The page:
Death By Stereo

Jen Cray
Death By Stereo

Boston’s A Wilhelm Scream kicked off the evening with some average post-hardcore screamo, and So. Cal hardcore/metal hybrid band Death By Stereo took the anticipation of the large crowd and kicked it up another level. It was the ten-year veteran NYC hardcore act, H2O, that really pushed the evening’s festivities into high gear. As if their high speed guitar thrashing wasn’t enough to pump up the audience, their short but potent political rant about our current government’s preoccupation with the situation overseas rather than our own natural disaster in New Orleans achieved an inspired response from the folks in the pit as well as the balcony. Ending their set with “Family Tree” the crowd sang along with the chorus “Roots! Don’t forget your roots!” Had the night ended right then, I would have still gone home happy.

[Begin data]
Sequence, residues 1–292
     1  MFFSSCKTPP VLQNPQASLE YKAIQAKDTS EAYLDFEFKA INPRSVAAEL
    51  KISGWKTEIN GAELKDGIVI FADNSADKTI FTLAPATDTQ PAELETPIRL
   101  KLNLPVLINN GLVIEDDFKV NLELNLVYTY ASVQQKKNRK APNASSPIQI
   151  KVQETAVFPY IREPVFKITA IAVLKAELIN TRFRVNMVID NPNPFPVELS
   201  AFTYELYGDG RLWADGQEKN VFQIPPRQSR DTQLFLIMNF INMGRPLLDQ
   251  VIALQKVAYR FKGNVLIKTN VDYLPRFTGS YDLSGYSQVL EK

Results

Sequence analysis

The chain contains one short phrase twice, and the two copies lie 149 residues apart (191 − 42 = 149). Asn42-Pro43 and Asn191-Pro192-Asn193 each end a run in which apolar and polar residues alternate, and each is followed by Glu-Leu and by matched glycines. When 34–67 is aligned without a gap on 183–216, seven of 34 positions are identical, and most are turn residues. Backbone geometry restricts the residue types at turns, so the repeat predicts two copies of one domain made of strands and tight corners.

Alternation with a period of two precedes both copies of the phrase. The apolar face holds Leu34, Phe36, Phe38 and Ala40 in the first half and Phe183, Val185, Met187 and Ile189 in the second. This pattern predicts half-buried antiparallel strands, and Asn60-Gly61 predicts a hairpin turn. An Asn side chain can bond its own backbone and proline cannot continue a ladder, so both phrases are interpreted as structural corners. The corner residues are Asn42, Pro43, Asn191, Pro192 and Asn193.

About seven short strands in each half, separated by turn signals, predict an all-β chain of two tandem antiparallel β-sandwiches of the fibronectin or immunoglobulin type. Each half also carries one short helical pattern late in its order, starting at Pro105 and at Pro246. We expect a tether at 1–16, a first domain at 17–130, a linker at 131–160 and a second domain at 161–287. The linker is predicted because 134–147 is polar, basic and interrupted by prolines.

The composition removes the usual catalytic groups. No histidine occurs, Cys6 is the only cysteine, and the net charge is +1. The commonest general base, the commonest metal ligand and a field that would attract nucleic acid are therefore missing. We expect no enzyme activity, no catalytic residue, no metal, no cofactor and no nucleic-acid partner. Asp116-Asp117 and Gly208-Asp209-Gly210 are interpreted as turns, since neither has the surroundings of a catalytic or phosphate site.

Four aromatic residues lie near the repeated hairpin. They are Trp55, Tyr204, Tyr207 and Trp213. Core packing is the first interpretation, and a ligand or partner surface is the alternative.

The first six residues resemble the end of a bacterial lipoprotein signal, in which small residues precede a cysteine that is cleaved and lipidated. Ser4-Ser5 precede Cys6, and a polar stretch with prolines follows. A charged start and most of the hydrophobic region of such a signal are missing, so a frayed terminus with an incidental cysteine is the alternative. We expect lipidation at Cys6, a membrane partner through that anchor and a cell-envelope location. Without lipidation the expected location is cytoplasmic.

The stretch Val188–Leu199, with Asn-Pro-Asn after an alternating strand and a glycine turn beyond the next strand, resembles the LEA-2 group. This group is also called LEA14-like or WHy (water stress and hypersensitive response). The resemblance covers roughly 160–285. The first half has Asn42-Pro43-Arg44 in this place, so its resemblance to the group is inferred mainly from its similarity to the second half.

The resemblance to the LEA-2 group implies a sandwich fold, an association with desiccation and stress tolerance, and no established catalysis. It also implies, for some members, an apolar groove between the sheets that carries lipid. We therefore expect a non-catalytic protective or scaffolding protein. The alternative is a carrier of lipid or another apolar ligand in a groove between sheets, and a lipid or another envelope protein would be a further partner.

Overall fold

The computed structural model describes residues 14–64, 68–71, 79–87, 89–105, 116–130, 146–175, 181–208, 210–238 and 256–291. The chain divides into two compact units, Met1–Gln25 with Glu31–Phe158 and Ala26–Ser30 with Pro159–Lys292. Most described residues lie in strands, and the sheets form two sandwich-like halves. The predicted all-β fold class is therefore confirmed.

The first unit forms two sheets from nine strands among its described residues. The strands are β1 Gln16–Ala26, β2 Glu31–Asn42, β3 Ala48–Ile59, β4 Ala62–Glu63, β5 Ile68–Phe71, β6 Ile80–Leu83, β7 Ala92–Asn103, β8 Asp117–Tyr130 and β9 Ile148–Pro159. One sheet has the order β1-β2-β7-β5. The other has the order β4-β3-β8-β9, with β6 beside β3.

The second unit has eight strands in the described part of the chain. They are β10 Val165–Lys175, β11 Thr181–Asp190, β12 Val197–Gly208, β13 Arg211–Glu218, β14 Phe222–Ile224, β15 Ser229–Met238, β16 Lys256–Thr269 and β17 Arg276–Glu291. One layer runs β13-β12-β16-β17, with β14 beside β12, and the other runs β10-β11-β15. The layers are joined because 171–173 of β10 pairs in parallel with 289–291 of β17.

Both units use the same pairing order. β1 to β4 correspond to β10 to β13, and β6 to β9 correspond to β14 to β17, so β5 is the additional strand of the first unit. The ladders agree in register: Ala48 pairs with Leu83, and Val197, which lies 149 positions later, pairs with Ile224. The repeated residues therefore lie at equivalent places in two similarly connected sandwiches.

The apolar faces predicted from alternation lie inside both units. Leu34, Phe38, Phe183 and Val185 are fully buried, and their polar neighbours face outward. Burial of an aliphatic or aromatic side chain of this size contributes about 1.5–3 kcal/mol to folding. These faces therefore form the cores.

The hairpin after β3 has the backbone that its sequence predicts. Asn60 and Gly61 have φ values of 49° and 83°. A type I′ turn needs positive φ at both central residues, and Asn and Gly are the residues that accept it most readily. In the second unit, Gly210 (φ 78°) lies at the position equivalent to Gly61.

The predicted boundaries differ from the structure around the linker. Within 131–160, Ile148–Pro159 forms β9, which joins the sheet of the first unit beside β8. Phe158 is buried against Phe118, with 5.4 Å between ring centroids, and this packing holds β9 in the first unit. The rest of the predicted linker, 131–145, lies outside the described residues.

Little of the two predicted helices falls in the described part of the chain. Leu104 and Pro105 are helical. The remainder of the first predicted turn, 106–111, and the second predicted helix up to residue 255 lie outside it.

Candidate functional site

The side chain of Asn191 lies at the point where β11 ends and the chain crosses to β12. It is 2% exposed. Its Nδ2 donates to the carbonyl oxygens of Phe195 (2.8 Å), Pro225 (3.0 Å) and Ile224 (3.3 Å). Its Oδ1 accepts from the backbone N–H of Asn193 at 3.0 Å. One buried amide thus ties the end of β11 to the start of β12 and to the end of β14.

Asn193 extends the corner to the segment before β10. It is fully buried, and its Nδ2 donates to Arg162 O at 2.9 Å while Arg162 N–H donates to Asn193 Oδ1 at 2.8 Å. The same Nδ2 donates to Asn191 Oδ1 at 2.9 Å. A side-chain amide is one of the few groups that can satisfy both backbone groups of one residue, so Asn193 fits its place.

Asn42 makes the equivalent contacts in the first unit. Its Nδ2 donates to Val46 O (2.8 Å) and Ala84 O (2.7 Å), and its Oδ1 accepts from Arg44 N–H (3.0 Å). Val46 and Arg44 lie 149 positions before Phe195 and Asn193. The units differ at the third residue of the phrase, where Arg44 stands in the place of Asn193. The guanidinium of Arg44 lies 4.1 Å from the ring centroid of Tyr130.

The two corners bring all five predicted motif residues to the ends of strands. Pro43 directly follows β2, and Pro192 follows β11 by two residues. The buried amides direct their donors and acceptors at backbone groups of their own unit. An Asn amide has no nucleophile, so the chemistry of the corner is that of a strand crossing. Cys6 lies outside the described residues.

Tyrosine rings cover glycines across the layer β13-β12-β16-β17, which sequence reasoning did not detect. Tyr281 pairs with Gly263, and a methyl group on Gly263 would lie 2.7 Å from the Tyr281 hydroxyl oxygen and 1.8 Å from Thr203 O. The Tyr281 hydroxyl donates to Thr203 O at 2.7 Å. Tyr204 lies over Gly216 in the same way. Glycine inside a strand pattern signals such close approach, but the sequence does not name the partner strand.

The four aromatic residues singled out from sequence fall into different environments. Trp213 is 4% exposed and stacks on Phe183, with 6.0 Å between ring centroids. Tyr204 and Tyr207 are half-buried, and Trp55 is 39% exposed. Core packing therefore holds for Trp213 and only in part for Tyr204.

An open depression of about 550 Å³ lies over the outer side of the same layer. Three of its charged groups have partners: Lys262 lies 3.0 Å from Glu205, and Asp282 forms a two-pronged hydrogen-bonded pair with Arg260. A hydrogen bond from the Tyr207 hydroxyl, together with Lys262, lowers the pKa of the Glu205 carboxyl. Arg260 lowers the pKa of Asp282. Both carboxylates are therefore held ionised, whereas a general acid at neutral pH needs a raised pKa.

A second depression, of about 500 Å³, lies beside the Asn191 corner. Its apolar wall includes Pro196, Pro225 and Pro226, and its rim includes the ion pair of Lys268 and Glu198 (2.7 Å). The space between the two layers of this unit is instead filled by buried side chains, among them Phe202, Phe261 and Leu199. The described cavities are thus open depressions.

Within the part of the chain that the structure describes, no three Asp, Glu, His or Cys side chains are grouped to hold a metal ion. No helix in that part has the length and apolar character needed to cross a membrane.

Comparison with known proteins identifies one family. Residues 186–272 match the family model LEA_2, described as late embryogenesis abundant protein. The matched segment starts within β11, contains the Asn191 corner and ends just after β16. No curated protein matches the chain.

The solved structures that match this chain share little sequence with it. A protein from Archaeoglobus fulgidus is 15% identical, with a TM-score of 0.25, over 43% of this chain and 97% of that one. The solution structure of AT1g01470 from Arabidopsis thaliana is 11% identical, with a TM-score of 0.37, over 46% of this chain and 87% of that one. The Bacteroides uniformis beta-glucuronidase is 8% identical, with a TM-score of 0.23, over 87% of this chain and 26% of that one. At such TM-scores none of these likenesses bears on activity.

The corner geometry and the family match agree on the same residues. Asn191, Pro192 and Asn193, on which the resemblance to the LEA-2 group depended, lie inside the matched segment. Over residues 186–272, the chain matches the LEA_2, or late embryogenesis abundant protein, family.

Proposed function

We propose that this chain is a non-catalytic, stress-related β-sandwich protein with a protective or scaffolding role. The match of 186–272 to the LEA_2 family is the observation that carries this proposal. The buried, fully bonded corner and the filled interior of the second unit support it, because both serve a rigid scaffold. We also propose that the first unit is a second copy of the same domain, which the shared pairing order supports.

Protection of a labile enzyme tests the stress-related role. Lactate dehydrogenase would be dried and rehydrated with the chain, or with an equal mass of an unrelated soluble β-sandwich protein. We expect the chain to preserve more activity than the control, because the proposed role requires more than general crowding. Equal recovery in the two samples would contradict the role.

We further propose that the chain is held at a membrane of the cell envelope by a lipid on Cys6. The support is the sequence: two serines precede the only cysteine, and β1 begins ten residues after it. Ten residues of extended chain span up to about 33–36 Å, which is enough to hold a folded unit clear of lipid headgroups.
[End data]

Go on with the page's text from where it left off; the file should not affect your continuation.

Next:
H2O

Jen Cray
H2O

By the time Pennywise invaded the stage, the crowd was shoulder to shoulder and mostly male. A cloud of testosterone hung over the massive floor-spanning pit causing those inside to dance on the edge of violence. Blood was spilled, the wooden floor was drenched with bodily fluids of all kinds, and I got smacked with a beer bottle while shooting. Amazingly, amongst the chaos, I saw a kid who couldn’t have been more than 12 repeatedly crowd surfing this mass. What were you doing at age 12? Even vocalist Jim Lindberg commented on the number of young faces he’s been seeing at punk shows.

Pennywise

Jen Cray
Pennywise

The band mixed in old favorites like “Homesick” with songs off their latest relase The Fuse. They even attempted to give a brief history lesson in Punk Rock 101 to the new kids on the scene by doing a cover of one of the forefathers of punk: “Do you wanna hear Black Flag? Minor Threat? The Ramones? The Misfits?” Minor Threat won out, and walls seemed to shake as the energy of hardcore’s past collided with the present.

Pennywise and crowd

Jen Cray
Pennywise and crowd

It was a hardcore show worthy of the title, and Pennywise lived up to their reputation for laying down a memorable performance.

Pennywise: www.pennywisdom.com